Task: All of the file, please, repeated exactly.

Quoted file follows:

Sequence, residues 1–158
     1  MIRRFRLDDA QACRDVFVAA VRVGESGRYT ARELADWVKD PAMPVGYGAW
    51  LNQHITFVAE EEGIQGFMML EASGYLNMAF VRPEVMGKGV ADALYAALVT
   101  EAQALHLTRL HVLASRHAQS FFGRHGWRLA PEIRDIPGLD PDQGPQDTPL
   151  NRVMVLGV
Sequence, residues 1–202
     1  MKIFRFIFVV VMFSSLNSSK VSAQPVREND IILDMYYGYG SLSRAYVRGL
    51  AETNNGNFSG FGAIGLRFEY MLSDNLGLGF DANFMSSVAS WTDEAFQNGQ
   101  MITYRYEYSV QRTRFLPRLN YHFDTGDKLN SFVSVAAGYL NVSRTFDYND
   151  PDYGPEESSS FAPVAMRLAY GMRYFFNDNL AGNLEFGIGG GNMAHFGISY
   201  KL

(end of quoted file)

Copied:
Sequence, residues 1–158
     1  MIRRFRLDDA QACRDVFVAA VRVGESGRYT ARELADWVKD PAMPVGYGAW
    51  LNQHITFVAE EEGIQGFMML EASGYLNMAF VRPEVMGKGV ADALYAALVT
   101  EAQALHLTRL HVLASRHAQS FFGRHGWRLA PEIRDIPGLD PDQGPQDTPL
   151  NRVMVLGV
Sequence, residues 1–202
     1  MKIFRFIFVV VMFSSLNSSK VSAQPVREND IILDMYYGYG SLSRAYVRGL
    51  AETNNGNFSG FGAIGLRFEY MLSDNLGLGF DANFMSSVAS WTDEAFQNGQ
   101  MITYRYEYSV QRTRFLPRLN YHFDTGDKLN SFVSVAAGYL NVSRTFDYND
   151  PDYGPEESSS FAPVAMRLAY GMRYFFNDNL AGNLEFGIGG GNMAHFGISY
   201  KL